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Escape from the Planet of the Robot Monsters - The Atari Times

Escape from the Planet of the Robot Monsters

The longest titled video game ever?
by Darryl Brundage

July 6, 2007
As old paperwork for Atari pops up over the internet here and there over the years -- billing receipts, orders, etc. -- we've come across another prime example! The following is an excerpt of notes of a meeting in the Atari coin-op division, circa 1988. The following is a snippet that is an exclusive to TAT!

(To cut down the bulk of the minutes, we're just presenting the parts that led to the creation of a certain coin-op in particular.)

Coin-Op Manager: ...so, basically, I want some kind of a "theme" game; since parents are whining about violence in gaming, there must be either limited violence in this new game, or it must be justified. Maybe something even slightly absurd will work...

Programmer #1: How about something from the Evil Dead movies? They were violent, but justified: the guy was just trying to survive...

C-OM: Eh, Atari spent a LOT on licensing the Star Wars and the upcoming Indiana Jones and Batman movies for coin-ops, so that's out of the question for yet *another* movie tie-in game for right now.

Programmer #2: "Shaun of the Dead"?

C-OM: Huh?

Programmer #2: Instead of "Dawn of the Dead" - hence you said no more movie licenses - it would be Shaun of the Dead, where a guy named Shaun is trying to stay alive amongst the undead...

C-OM: Well, that's a good idea, but I don't think a game about the undead is gonna fly right now, it'd have to be more absurd than that old cliche. Maybe some kind of a "resident evil" would work though...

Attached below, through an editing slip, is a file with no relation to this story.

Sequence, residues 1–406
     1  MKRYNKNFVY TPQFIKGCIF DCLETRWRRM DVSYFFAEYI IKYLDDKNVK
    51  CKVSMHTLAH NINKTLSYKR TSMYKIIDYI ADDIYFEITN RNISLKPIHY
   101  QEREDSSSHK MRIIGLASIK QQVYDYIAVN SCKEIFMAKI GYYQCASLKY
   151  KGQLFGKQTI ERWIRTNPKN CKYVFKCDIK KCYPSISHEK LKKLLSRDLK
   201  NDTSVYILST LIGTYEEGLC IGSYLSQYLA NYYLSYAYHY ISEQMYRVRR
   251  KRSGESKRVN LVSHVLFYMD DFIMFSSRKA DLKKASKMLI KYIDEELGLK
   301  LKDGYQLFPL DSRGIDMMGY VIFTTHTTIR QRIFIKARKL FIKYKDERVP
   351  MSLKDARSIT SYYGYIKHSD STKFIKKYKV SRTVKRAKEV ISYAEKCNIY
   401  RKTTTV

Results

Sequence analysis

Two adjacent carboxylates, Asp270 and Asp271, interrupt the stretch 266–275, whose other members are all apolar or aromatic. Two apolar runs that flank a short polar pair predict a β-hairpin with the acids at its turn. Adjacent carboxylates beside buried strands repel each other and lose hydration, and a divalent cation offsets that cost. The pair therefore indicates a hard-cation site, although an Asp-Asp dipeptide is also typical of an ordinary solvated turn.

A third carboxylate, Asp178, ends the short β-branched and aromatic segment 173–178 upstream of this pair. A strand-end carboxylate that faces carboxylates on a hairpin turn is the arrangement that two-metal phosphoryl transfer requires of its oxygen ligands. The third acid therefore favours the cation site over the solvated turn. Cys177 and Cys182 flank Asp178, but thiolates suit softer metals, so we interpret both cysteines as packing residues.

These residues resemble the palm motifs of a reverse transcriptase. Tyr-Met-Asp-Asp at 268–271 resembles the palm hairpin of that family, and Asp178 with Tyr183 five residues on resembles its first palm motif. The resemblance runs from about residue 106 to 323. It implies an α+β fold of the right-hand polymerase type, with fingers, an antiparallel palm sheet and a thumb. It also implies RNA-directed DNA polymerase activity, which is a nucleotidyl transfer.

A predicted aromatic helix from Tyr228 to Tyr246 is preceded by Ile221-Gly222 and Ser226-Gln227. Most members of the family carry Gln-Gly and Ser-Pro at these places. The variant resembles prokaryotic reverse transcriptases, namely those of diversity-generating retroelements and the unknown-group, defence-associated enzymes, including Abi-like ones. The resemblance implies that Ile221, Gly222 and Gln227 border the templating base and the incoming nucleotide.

Programmer #3: "Snakes on a Plane"!


Programmer #1: How about "Escape from the Planet of the Robot Monsters"? You could have someone rescue human hostages, hence the survival theme, and shooting a bunch of robots shouldn't worry those who are leery of violence, since they're not alive anyway...

C-OM: Yes! That sounds good! Perfect! Lets get to work on that right away!

Ok, so I'll admit that the above is totally canned, but it would be interesting to hear where this idea *really* came from. Granted, with Atari doing updates on their classic games in their later years (i. e. the two Asteroids games, then Space Duel and Blasteroids, the Breakout games begat Off the Wall, while Battlezone would later be followed with the suped-up offshoot of T-Mek, etc.), it seems to me that Robot Monsters would become the "missing link" in between the two Gauntlet games and the 3-D Gauntlet Legends years later.

Sounding like a longtime missing movie from famous/infamous B-rated director Ed Wood's catalog, the attract mode presents the storyline of how the synthetic planet X was taken over by robotic monsters (is there any other kind?) who made the humans working there into slaves so they could build a robot army to destroy Earth (is there any other way?). Definitely adding to the shlocky spirit, for some reason the females' clothes are either nearly ripped to pieces and/or low cut, which is probably why you don't exactly turn down your job (oh darn!) of infiltrating the place to free everybody and to destroy as many robots and equipment as possible.

The robots come in many sizes and attack patterns and all, as drones swarm you big time. However, they're usually not too hard to dispense of, although it's a bummer that you can't take out a generator like in Gauntlet and they won't come out any more. However, the playfields usually have areas where you can duck out of their line of sight, which, if they can't see you, they usually won't swarm you. (Luckily your uniform isn't equipped with those mirrors on the back of trucks to eliminate blind spots though.) Shooting those robots leaves behind crystals that stay onscreen for a few seconds to boost your laser gun's power once you scoop them up.